I grew up in a house where racism and bigotry was casual. Blacks, Jews, Italians, Hillbillies and Holy Rollers were all derided. And WhiteTtrash. I heard every joke, stereotype and cliche growing up. It's not that my parents were bad people but they grew up in a totally different America. My father was born five years after the First World War ended. 

Bi-Planes and Model T's were high tech. There was still a lot of four legged horse power at work in rural Ohio. My Father helped wire his Brother-In-Law's early 19th century log home for power when the REA came through the farms ten miles west of Columbus. Neither of my Parents changed their views over the years.

Even so, I remember as a young child, I asked why the stores had Holiday sales instead of Christmas. My father said not everyone was a Christian and we needed to have enough respect not to embarrass them by saying,"Merry Christmas". This was 1959 or 1960, somewhere around there. Happy Holidays was simple good manners.

Manners. That's all. Christmas movies still played the matinees for kids at the second run houses. You bought Christmas trees and decorations. You sang carols. You gave presents. You watched the Christmas specials. Pretty much like now without downloads or streaming or blu ray players.. 

There was a fly in the ointment though. Isn't there always?

We had the big Christmas display at the Downtown Lazarus. Which was owned by a Jewish family. They knew the market. There is a locally based Insurance Company, State Auto, which for as long as I can remember has put up a large, life size, Nativity Scene in front of Corporate Headquarters.Other Companies celebrate Christmas also. No problem. Churches have their displays. Likewise, no problem.

The problem comes when there are exclusively Christian displays put up on Publicly owned property. That seems like State Sponsorship of a particular religion. Which is expressly forbidden by the US Constitution. When the United States was more homogeneous with most of the population from white, Christian, European Nations there was no real conflict. When about 99% of the population is celebrating, no one really complained.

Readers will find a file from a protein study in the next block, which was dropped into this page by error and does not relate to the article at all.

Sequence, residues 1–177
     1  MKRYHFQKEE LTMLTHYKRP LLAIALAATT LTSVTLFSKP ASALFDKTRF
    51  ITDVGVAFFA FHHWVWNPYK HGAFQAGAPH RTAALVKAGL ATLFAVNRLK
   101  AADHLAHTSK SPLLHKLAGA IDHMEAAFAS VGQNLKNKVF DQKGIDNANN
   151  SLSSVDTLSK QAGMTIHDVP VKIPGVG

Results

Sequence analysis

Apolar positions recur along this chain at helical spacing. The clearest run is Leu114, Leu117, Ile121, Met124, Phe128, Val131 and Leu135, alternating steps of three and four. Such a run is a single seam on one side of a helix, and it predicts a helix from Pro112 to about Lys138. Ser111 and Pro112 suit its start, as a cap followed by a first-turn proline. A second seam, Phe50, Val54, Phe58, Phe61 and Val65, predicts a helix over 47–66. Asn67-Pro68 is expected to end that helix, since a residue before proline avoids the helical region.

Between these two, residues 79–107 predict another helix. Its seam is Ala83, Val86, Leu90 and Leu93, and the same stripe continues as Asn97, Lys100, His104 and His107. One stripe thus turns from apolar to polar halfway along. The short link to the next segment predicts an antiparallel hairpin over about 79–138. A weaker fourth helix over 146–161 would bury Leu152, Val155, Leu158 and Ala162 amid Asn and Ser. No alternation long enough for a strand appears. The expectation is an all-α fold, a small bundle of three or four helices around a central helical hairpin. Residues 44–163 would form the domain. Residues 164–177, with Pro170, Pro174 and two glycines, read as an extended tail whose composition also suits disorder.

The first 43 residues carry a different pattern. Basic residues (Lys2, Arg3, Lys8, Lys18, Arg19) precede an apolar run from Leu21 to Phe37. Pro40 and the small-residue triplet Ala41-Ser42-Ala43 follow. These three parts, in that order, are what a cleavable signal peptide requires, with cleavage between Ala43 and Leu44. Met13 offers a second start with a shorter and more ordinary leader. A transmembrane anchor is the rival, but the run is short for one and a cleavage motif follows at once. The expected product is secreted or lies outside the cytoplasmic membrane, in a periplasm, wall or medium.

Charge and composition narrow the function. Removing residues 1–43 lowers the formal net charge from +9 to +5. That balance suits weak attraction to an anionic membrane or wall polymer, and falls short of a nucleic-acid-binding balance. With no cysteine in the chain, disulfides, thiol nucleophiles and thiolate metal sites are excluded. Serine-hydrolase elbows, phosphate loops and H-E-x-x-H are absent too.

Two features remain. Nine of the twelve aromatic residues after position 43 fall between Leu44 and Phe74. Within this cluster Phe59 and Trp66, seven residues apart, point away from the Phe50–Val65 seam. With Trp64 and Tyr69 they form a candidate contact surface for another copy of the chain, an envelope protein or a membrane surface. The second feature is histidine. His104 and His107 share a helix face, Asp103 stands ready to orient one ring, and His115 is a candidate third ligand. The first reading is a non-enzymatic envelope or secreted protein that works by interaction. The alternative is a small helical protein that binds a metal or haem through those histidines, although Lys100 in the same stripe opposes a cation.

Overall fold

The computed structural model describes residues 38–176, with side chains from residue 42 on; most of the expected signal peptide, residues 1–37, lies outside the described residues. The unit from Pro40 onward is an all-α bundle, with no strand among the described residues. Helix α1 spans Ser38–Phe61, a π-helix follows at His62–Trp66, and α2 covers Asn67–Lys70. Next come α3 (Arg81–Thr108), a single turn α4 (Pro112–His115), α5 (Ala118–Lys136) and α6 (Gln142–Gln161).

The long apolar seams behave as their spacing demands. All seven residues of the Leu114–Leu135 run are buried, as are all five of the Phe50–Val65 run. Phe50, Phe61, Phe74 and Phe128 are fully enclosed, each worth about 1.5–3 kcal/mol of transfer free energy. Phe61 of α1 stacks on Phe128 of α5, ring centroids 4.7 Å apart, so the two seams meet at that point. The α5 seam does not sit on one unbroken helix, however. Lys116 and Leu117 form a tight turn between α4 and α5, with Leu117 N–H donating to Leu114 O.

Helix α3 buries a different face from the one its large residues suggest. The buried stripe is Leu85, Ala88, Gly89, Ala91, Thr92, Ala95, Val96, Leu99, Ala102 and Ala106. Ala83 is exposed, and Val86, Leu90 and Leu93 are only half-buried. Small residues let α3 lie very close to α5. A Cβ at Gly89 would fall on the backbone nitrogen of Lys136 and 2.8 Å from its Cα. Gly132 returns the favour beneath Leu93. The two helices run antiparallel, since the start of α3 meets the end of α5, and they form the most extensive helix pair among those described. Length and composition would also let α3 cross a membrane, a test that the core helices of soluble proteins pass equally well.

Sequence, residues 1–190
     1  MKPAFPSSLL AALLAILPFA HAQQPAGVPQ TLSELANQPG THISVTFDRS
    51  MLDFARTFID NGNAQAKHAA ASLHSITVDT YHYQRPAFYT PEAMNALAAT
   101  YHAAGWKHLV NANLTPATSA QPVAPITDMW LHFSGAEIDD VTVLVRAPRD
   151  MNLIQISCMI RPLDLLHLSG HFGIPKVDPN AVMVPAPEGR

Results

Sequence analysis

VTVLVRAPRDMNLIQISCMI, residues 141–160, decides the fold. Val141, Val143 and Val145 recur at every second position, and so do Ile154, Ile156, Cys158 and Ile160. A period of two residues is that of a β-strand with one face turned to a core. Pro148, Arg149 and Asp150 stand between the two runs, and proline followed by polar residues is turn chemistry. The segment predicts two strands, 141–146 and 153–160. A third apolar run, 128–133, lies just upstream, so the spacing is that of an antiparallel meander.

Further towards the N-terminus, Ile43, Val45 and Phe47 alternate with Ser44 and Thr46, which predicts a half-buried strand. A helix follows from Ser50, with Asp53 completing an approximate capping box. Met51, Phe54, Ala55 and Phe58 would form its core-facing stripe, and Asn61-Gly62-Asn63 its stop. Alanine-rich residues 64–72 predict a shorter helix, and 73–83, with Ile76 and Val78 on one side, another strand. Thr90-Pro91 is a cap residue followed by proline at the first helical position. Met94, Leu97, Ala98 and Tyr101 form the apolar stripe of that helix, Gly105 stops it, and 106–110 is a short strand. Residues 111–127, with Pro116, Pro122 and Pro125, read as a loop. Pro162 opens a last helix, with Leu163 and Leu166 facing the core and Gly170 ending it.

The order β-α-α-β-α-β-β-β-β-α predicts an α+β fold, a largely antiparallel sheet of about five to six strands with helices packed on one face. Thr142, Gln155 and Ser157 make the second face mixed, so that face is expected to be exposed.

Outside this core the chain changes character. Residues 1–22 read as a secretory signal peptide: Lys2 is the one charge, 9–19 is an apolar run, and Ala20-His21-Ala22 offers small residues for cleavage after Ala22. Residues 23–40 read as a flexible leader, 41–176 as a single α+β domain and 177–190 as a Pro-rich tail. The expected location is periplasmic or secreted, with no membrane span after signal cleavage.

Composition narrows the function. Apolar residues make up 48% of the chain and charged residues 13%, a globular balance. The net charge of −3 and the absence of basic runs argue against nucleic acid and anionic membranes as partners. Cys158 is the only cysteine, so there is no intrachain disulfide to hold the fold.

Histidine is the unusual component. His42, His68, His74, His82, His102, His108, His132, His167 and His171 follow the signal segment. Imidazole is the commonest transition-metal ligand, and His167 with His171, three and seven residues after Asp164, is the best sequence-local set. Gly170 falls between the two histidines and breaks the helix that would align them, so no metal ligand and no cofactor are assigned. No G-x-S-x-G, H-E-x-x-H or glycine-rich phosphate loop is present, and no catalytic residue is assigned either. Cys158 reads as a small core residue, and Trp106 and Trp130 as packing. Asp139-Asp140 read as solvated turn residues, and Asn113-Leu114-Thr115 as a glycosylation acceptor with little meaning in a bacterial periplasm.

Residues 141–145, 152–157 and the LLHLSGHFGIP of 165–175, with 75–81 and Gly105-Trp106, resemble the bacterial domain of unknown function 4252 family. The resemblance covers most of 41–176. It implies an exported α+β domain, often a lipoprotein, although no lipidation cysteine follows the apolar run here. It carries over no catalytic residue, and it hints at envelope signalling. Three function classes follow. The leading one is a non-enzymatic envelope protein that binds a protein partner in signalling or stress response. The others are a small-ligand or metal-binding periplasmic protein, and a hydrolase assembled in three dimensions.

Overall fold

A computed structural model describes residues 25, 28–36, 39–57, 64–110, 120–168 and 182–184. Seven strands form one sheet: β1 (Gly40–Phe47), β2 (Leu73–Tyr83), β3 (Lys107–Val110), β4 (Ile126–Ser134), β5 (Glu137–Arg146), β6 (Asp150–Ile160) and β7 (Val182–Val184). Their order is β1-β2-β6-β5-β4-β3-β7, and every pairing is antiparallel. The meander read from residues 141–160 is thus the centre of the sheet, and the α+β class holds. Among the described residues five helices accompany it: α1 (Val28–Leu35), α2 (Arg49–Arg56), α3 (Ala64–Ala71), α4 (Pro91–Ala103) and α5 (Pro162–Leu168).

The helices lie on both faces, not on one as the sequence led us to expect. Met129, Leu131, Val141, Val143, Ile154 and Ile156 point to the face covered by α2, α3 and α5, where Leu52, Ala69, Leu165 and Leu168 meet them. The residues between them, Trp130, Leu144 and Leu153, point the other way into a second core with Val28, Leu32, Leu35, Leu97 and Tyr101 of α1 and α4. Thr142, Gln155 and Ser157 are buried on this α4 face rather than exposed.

As we rolled out of the Fifties into the Sixties and began the long arduous task of dismantling our apartheid, some began to realize we had strayed from the intent of the Founding Fathers to keep the Government neutral in Religious matters.

So in 1962 and 1963 SCOTUS ruled forced prayer in schools was unconstitutional. I was in Fifth and Sixth Grades as that happened. Like I mentioned earlier we are not a religious family. I was always self conscious and uncomfortable reciting the Lord's Prayer, in unison, with the class. I was always afraid of getting it wrong, then dealing with the ensuing ridicule that would come from my peers. Even then I saw no point in a prayer to start the day. I was simply mouthing words that were meaningless to me. I may ,even then, have been developing an attitude about authority which I have since honed into an admirable skill.

I vaguely remember the Baptists being unhappy in my classes. I also remember the outrage shown on the CBS Evening News. I recall seeing the Impeach Warren signs on TV. So as the Sixties progressed the High Court struck down laws that were blatantly unconstitutional. These are now cited as the opening salvos of the war on Religion/Christianity/Christmas.

As fervor grew in the Eighties we started seeing, Televangelists mostly, decrying persecution as American secularists waged a war on Christmas. As the biggest celebration it was a de facto war on Christianity. As an agnostic at best, I thought their views and hurt feelings were absurd. Why? The United States is overwhelmingly a nation of people who define themselves as Christians of one sort or another. This includes the devout, the  Sunday Mass or service only believers, the shows up to just be seen in church and the I-Don't-Go-To-Church-But-I'm-a-Christian, Christians.